September 11th, 2001, to me, had everything to be a day like any other. Normality, however, lasted only as long as it took between turning off the alarm clock and turning on the TV. My first reaction was surprise as I saw what seemed to be a chimney being broadcast. It took a few seconds for the eyes to clear and the brain to really wake up, and then realize that it was actually a building on fire. I then became aware that a plane had crashed against the World Trade Center. When reality of this news was still setting in, a second airplane appears and dives into the other tower. Shock. It couldn’t be a coincidence, but the alternative felt too surreal, too fictional to be true. But it was.
I don’t know the exact reason, but the terrorist attacks that brought down the Twin Towers nearly ten years ago affected me a lot. My sense of identification with the American culture probably collaborated to that. The similarities between the events and the stories told in Tom Clancy books – which I used to read a lot back then – weighed in. Perhaps the most significant factor is that was, in global terms, the biggest event I’ve witnessed in my lifetime, something that many years into the future will probably be in History books as a key moment. And I was there watching, almost from the beginning.
On Sunday evening, I was watching a movie (The Lady Vanishes, by Alfred Hitchcock). It ended; I logged on to Twitter and saw a couple of vague messages about Osama’s possible death. The subject wasn’t even among the trending topics yet (trending topics, or TTs, are the most commented terms on Twitter at a particular time). Like a wave, Osama Bin Laden, #obl, Abbottabad and other related terms started dominating the most commented topics. Communication vehicles turned their attention to what seemed to be the most important news in a long time. Shortly after that, US president Barack Obama started his statement, in which he confirmed that a military action by the United States has located and killed the world’s most famous and wanted terrorist. Officially, the end of an era. The party in the streets of Washington and New York, from what I’ve heard, didn’t end soon.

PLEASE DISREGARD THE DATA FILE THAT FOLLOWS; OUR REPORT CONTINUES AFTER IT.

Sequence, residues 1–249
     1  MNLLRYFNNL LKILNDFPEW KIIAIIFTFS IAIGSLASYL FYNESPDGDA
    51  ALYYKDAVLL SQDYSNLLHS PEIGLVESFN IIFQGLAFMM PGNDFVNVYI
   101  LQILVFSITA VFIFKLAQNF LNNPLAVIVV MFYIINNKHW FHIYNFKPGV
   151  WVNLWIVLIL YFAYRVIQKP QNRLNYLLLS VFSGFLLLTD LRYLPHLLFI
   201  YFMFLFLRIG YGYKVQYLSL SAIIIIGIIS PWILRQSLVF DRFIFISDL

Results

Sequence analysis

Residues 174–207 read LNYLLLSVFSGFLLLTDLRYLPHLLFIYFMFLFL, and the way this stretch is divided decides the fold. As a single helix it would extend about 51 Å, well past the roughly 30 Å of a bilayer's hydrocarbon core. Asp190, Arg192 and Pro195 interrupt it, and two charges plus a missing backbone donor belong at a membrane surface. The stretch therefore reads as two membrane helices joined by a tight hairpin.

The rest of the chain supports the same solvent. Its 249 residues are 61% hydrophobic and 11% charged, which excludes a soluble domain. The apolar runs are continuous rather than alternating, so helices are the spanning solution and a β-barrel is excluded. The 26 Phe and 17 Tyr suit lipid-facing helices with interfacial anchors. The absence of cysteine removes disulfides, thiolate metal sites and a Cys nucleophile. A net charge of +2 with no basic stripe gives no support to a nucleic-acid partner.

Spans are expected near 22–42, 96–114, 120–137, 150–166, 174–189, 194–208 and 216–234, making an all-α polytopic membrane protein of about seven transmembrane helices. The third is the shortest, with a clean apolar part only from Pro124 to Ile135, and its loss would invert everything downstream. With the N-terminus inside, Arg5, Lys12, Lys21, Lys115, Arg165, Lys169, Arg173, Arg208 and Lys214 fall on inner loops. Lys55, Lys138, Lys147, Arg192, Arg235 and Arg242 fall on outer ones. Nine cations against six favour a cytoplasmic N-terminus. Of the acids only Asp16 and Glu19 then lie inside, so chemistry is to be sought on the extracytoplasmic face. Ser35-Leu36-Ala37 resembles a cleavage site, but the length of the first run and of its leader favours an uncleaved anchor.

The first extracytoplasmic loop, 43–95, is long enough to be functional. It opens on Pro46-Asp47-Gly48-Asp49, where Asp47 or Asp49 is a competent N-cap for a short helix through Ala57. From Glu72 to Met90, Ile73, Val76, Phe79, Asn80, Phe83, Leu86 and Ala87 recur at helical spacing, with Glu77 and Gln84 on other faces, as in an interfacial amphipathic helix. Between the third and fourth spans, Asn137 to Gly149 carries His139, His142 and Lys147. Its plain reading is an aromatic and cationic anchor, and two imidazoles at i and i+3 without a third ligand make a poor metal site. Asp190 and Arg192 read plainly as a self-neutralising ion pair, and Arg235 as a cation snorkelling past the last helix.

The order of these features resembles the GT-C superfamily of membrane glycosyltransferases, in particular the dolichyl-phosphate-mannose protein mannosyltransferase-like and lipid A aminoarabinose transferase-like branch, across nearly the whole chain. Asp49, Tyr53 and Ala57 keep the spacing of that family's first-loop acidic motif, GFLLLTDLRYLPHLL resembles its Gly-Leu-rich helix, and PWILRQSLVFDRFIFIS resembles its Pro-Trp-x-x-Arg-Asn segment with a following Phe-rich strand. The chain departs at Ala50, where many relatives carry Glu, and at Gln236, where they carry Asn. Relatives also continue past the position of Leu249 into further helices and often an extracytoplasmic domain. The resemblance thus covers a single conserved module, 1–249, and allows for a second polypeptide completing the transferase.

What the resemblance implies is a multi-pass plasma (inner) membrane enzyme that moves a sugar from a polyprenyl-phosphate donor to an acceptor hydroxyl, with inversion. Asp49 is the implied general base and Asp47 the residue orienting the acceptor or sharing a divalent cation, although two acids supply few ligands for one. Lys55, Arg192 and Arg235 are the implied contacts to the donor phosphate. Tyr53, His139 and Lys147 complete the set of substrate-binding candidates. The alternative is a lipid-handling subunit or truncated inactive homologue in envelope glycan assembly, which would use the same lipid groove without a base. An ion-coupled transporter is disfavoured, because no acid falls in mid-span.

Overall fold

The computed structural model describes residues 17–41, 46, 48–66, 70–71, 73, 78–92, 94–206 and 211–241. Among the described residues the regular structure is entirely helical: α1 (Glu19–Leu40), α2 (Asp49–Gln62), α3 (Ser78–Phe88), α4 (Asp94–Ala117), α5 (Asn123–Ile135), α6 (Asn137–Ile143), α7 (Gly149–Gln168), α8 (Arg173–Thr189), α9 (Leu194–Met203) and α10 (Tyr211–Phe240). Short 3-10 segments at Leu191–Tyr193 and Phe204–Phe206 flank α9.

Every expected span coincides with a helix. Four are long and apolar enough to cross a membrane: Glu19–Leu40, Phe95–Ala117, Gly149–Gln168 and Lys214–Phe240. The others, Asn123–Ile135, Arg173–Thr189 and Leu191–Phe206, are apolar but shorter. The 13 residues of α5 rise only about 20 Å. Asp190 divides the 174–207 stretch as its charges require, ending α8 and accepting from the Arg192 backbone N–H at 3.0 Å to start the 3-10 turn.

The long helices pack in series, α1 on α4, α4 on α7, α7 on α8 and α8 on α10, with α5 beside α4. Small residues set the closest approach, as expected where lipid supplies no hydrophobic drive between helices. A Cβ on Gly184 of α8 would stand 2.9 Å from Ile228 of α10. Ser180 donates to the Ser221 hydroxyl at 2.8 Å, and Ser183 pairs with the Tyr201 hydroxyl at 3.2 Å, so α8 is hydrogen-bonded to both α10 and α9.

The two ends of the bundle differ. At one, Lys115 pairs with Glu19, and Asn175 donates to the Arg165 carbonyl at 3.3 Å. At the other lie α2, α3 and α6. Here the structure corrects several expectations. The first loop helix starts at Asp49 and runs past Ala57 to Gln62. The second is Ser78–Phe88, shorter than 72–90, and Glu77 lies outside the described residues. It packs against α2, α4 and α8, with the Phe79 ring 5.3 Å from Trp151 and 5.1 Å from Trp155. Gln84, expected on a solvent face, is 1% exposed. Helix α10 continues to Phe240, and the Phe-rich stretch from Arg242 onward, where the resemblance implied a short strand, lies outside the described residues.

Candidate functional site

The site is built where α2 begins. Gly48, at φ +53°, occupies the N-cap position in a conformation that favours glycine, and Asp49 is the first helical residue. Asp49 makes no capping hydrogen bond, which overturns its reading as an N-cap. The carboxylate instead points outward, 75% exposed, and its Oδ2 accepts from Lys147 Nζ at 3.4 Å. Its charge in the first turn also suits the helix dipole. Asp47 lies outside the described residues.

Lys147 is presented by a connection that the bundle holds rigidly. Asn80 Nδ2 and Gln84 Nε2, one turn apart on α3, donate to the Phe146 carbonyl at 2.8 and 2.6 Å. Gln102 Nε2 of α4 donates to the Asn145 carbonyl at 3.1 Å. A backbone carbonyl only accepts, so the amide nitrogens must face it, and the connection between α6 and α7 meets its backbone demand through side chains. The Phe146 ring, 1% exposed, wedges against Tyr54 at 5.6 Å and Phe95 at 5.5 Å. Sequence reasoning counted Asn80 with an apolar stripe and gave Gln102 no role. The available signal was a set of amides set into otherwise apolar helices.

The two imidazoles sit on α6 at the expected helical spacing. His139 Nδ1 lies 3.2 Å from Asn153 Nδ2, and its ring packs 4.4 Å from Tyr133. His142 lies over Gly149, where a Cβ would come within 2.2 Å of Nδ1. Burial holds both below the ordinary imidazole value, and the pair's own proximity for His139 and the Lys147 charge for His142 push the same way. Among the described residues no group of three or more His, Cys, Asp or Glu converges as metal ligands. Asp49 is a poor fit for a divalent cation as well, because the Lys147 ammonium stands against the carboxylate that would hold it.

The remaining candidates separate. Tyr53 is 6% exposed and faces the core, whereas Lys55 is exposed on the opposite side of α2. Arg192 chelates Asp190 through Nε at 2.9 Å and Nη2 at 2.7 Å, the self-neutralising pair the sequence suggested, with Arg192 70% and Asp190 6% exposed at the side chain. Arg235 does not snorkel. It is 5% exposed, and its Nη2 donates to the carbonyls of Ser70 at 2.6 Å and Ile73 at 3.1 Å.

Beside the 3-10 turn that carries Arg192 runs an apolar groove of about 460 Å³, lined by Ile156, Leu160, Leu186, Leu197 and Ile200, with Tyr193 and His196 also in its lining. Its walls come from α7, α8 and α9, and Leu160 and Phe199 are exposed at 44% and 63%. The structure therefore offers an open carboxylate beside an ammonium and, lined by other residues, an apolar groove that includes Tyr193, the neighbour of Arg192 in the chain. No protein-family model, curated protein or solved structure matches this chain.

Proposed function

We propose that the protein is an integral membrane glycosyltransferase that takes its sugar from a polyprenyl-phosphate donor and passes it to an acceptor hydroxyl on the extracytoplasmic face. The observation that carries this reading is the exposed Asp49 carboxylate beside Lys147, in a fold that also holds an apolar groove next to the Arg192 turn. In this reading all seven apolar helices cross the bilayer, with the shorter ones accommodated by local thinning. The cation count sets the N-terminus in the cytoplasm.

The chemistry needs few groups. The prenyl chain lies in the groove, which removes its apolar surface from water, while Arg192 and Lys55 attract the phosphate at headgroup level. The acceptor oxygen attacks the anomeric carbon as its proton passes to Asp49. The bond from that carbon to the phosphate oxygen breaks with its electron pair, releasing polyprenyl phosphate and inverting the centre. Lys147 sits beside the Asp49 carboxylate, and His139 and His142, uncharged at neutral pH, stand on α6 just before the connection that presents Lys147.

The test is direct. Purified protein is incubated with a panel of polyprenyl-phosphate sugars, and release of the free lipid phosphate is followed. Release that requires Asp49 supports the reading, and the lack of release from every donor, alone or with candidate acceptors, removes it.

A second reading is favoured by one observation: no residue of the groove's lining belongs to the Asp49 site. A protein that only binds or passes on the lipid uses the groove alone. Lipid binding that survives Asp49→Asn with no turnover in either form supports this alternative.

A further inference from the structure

In a certain way, it’s strange to celebrate someone’s death. Deep down, there’s a feeling of guilt, which I hope is not only mine, because it’s healthy to hold at least a little mercy even for those who don’t deserve it. And Bin Laden didn’t. What his death means in geopolitical terms, time will tell. Experts will make their analysis; radicals will speak their minds; conspiracy theories will emerge. The fact is some people have the rare gift of making the world a better place for no longer existing in it. Osama Bin Laden was one of these people. His end is a promise, the hope for a future with more peace and tolerance.
And, to wrap up, art overcoming terror:
Paul McCartney and guests, closing the Concert for New York, which happened on October 20th, 2001, at Madison Square Garden, to raise the morale of new-yorkers.
The Rising, the song that Bruce Springsteen – maybe the most American of rockers – wrote about his post-9/11 feelings.